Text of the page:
Sunrise Family Dentistry

The Tooth-Friendly Diet


Maintaining healthy teeth is a matter of daily dental care and a tooth-friendly diet. Daily care would involve flossing and brushing twice a day with an American Dental Association approved fluoride toothpaste. A tooth-friendly diet would observe the following dental health facts:

• Protein, calcium, phosphorus and vitamin D are needed to build and maintain healthy teeth.
• Foods high in sugar, carbohydrates and acid contribute to tooth decay.
• Foods with fiber provide a natural defense against cavities and gum disease.
• Foods that require chewing and produce saliva reduce acid and remove food particles from teeth.
• Rinsing with water after eating sweets or drinking sugary liquids will wash away sugar remaining on teeth.
• Flouridated water protects teeth from decay.

Here are foods that aid in maintaining healthy teeth:

• Milk and other dairy products provide calcium, protein and Vitamin D; cheese is also good for chewing and counteracts acid.
• Lean meat, poultry, fish or eggs provide protein and phosphorus; in addition, fish and eggs are sources of vitamin D which helps the body absorb calcium.
• Fruits such as apples, oranges. bananas, strawberries and raspberries provide fiber; oranges contain calcium and phosphorus.
• Vegetables such as leafy greens provide fiber; carrots, celery and cucumber require chewing, which produce saliva.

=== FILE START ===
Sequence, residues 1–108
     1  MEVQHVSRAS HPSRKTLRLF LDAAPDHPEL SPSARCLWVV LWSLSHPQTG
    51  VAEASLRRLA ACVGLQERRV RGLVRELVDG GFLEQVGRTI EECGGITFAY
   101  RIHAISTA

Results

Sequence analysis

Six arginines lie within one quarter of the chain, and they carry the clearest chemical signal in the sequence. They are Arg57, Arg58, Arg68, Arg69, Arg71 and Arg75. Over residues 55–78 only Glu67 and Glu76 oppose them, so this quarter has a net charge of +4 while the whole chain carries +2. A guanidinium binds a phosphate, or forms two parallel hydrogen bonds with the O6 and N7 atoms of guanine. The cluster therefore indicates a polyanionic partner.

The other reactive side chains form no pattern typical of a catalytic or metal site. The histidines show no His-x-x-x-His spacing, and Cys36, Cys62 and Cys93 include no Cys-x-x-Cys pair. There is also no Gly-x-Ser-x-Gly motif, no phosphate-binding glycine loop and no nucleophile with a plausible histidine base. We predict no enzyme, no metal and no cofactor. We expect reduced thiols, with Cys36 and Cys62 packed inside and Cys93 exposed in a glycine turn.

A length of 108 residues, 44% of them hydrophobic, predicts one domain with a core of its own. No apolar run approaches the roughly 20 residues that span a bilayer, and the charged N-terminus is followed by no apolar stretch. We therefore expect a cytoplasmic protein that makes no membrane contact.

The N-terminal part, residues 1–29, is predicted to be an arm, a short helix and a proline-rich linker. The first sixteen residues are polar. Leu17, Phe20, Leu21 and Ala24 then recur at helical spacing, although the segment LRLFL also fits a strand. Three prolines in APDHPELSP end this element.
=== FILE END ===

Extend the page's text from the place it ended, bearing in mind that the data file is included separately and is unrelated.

• Nuts such as walnuts and almonds provide phosphorus and stimulate saliva production.
• Sugarless chewing gum also produces saliva.
• Black and green tea prevent bacteria from growing.

Here are foods to minimize or avoid:

• Foods with high sugar content such as candy-- especially hard candy, gummy candy, caramels, and sugary gum—allow bacteria to produce acid that cause cavities.
• Soft drinks, including sweetened sports drinks, which have high sugar content have the same effect. Drinking water afterwards will rinse out the sugar.
• Sticky foods such as dried fruit when eaten as a snack tends to stay on the teeth, inviting acid production. If eaten with a meal, the extra saliva produced will help wash it away.
• Acidic foods such as citrus fruits, pickles, tomatoes, fruit juice and red wine can affect teeth over time, but can be minimized if taken in moderation and rinsed with water.
• Starchy, refined carbohydrates such as chips, pasta, bread or crackers can lead to acid production if not rinsed out with water.